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How Much Exercise Do We Really Need?

April 11, 2023

A middle-aged man is getting enough exercise by going for a run.

When it comes to the amount of exercise needed for health and longevity, one size does not fit all. A great starting point is the American Heart Association’s (AHA) guidelines of a minimum of 150 minutes of moderate-intensity exercise per week. That breaks down to 30 minutes a day, 5 days a week.

But what exactly is moderate exercise and how does it differ from vigorous exercise? And how can you tailor the guidelines to meet your own interests and lifestyle? In short, what’s really ‘enough’?

Experts say that people who work out vigorously can cut their minutes in half to 75 per week. Or people who enjoy doing something every day of the week can follow the 11-minute-a-day rule, but only if it is intense enough. They tell us that strength-based exercise is considered vigorous, but only if it’s heart-pumping enough. And what about walking 10,000 steps a day, is that vigorous enough?

Moderate vs. Vigorous Activity

“To meet the AHA’s heart-health recommendations, you need to push yourself,” says Mervet Asfour, MD, a primary care physician with Atlantic Health System. “Moderate physical activity requires breaking a sweat. Your heart rate should reach 50 -75% of your maximum working heart rate, which will allow you to carry on a conversation. Vigorous physical activity should be intense enough that you can’t hold a conversation, or even say even a few words without pausing for a breath. Your heart rate should be above 75% of your maximum heart.”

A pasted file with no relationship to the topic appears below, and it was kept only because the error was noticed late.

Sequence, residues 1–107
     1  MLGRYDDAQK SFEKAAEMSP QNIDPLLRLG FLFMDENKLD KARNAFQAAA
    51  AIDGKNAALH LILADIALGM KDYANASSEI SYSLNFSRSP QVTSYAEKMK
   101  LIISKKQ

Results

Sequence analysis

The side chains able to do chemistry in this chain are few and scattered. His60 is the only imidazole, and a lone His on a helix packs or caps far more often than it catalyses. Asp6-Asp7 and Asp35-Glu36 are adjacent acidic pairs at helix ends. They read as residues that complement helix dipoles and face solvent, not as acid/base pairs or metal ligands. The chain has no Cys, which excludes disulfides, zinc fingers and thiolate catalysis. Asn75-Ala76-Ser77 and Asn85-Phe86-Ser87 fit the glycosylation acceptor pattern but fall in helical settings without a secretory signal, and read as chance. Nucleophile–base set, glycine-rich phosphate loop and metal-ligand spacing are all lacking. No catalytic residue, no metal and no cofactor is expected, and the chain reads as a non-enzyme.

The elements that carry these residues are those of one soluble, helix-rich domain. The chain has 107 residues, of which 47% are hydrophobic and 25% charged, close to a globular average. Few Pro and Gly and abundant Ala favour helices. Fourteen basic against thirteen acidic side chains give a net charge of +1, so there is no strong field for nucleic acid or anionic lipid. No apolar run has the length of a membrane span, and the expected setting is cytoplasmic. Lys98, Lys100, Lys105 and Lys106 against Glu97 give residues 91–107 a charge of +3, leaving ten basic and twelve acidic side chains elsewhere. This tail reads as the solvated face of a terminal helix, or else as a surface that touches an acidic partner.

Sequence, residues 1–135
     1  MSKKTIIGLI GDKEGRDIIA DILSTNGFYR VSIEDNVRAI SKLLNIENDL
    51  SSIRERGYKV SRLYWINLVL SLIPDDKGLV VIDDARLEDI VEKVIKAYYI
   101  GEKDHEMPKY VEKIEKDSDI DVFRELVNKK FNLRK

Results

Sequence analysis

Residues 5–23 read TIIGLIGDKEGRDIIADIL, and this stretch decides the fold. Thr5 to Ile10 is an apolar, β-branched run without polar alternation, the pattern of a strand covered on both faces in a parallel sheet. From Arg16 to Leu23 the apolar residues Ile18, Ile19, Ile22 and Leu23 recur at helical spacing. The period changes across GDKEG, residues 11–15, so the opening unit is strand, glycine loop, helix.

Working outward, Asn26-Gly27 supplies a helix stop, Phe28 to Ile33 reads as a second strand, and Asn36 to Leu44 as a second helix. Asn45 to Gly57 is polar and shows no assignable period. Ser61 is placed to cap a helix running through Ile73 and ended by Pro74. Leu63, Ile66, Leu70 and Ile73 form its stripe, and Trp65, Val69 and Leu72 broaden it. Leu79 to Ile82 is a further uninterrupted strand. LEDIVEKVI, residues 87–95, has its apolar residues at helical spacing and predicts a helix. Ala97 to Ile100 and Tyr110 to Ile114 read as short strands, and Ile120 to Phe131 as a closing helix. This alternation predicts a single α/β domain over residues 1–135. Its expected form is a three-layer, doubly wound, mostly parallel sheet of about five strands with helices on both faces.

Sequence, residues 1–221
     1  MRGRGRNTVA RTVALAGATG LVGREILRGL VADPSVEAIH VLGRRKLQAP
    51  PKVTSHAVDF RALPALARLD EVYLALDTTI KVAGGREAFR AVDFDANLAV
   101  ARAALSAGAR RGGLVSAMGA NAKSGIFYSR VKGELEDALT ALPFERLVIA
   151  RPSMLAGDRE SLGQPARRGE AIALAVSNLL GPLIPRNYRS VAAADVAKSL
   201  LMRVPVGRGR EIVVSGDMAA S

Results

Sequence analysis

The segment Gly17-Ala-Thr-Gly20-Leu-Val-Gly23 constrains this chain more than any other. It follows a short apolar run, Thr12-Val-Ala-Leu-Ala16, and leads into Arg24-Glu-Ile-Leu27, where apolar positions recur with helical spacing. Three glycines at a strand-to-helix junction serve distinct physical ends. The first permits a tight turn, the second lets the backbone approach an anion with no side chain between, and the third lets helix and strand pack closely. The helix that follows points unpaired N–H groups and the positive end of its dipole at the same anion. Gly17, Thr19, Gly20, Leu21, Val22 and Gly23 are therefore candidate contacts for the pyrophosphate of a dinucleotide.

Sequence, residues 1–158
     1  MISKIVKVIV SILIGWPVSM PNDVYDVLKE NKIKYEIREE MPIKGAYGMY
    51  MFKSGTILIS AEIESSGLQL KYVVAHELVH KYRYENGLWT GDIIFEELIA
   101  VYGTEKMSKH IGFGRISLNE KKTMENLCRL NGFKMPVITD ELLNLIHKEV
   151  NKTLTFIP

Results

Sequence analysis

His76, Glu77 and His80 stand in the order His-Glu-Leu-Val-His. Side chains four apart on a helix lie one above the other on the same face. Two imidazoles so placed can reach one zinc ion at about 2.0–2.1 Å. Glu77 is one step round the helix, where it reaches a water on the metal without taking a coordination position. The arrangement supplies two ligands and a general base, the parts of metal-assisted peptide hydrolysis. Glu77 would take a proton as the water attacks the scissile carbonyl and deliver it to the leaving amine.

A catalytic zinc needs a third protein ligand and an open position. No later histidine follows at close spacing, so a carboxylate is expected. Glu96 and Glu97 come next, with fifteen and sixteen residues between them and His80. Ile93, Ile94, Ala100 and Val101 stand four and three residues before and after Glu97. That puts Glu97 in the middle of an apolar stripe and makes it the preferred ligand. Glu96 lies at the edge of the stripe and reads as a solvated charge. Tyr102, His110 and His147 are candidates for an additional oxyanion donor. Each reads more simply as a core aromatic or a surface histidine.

Dr. Asfour explains that there’s no need to buy a heart monitor to gage your effort level, just pay attention to how hard your body’s working. She also reminds people that physical activity doesn’t always mean structured classes, strenuous exercise, and expensive gym memberships. There are lots of free things to do online in your home and outdoors. Just make sure the activities are appropriate to your personal fitness level so you can build strength and endurance over time without getting hurt.

A Good Place to Start

According to the AHA, only one in five adults is getting enough exercise to maintain good health and longevity. Here’s how you can begin to build fitness into your lifestyle and slow down the aging process.

Walking is a great jumping off point. Try 20 minutes at whatever pace you choose and schedule it 3 times a week. Once this habit is set and consistent, you can add onto it if you like. Walk longer. Walk faster. Jog. Go beyond the walk and explore online videos for Pilates or Zumba. Shoot baskets at the park. Try pickle ball. Dance. The goal is to find something inexpensive that you enjoy and will want to do again and again.

“One of the best predictors of life expectancy is your fitness level,” says Dr. Asfour. “Sitting at a desk all day doesn’t help any of us because the less we move, the faster we age. Being physically active can reduce your risk of heart disease, diabetes, cancer, fatty liver disease and dementia. You’ll also elevate your mood and improve your sleep.”

Dr. Asfour adds that, of course, even a little physical activity is better than nothing, but it’s important to work toward the AHA guidelines and find what will work for you over the long run.

Be Proactive About Your Health

To stay fit and healthy, it's good to have a primary care provider who knows and understands your health history and wellness goals.

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